HARLINGEN – When most of the country was under stay-at-home orders, the internet joked there would be a baby boom with hashtag #QuarantineAndChill and memes. All jokes aside, the data and economic theory suggest family planning isn’t on the list of priorities.

Since 1971, the U.S.’s birth rate has been in a downward trend according to U.S. Census data and the Center for Disease Control. Households have scaled back the number of children in families and COVID-19 has dropped the trend lower, “temporarily you’re going to see a small decline from the trend but eventually going to go back to trend and it’s going to continue in this downward trajectory,” explained University of Texas Rio Grande Valley Associate Professor Salvador Contreras.

Taking a close look at the birthrates in the U.S., increase in unemployment and COVID-19’s impact on the economy, Contreras said, “the unemployment rates in the RGV is somewhere around 17%, so we know that it is some three times what it was at the turn of the year. We know that the RGV is clearly in a recession and it is likely to be so for months if not years to come. If we put it in that context then we could say that it is very likely that the fertility rate in the RGV for example will continue to decline.”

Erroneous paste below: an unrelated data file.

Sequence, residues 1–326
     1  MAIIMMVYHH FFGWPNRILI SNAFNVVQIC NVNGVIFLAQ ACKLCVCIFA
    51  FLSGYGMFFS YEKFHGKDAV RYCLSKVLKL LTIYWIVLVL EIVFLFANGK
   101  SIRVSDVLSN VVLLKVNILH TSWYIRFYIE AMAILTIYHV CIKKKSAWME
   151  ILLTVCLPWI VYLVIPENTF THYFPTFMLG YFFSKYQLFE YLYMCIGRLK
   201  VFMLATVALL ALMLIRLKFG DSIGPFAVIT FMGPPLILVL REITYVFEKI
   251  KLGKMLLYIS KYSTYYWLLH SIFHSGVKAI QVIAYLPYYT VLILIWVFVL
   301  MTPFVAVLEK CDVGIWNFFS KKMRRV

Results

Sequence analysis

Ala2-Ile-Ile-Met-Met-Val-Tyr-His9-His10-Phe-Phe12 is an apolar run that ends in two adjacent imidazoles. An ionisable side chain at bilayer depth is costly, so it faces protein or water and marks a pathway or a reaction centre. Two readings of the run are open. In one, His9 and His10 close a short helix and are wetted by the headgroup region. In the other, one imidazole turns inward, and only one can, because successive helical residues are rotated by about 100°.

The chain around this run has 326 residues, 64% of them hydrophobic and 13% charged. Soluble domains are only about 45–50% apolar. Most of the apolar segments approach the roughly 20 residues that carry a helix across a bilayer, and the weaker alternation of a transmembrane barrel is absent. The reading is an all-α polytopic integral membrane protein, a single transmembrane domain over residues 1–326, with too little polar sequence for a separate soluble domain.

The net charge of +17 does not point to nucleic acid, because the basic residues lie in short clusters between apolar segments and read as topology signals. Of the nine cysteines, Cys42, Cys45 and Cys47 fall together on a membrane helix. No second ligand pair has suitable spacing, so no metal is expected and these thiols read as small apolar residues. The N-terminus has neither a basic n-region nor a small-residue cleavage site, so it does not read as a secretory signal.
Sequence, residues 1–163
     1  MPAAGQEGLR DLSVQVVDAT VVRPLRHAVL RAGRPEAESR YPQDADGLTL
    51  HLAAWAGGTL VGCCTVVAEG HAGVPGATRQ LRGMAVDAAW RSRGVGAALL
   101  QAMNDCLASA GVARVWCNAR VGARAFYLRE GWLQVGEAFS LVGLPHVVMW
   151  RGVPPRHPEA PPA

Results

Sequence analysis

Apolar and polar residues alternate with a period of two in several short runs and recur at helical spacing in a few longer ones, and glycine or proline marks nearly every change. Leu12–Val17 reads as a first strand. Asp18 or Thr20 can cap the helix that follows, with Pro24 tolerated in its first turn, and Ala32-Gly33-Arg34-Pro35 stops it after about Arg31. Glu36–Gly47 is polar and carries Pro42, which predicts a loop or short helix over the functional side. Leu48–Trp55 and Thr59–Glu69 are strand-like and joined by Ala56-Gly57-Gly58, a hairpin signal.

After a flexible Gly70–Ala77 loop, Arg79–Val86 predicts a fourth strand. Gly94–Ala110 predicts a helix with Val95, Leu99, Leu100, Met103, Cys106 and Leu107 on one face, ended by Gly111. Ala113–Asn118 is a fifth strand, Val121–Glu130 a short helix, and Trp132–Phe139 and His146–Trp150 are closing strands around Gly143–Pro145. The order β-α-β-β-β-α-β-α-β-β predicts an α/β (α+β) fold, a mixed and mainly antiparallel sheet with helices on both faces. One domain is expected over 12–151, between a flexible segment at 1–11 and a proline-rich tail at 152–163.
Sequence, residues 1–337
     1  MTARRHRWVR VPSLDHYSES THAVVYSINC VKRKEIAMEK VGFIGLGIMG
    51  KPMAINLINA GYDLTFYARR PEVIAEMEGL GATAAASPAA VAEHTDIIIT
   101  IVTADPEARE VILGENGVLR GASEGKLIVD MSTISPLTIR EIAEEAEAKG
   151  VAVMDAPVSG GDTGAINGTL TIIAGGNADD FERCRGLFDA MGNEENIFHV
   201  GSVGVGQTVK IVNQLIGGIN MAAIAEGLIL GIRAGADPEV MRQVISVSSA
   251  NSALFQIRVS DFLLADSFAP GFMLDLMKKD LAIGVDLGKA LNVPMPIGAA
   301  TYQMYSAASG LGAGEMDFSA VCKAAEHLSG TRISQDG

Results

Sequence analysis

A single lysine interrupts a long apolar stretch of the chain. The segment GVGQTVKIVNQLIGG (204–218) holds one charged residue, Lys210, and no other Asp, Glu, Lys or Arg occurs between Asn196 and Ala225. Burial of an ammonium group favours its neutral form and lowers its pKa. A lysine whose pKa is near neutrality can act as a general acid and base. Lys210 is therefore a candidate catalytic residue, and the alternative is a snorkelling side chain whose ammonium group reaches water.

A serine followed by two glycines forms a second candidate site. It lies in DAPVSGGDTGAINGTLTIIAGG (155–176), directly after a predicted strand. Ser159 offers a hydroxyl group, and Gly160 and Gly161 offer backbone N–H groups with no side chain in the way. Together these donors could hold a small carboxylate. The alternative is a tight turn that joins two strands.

The decline, according to Contreras, could go longer than COVID-19 health crisis and the higher unemployment rate, ”whenever there is an economic shock, as the one we are observing right now with COVID-19, then people’s incomes are negatively impacted. As a result, they are far more likely to delay the decision to have children, whatever their childbearing decisions we’re going to be in the first place.”

Contreras projects a negative impact on births per thousand women in the next year or two.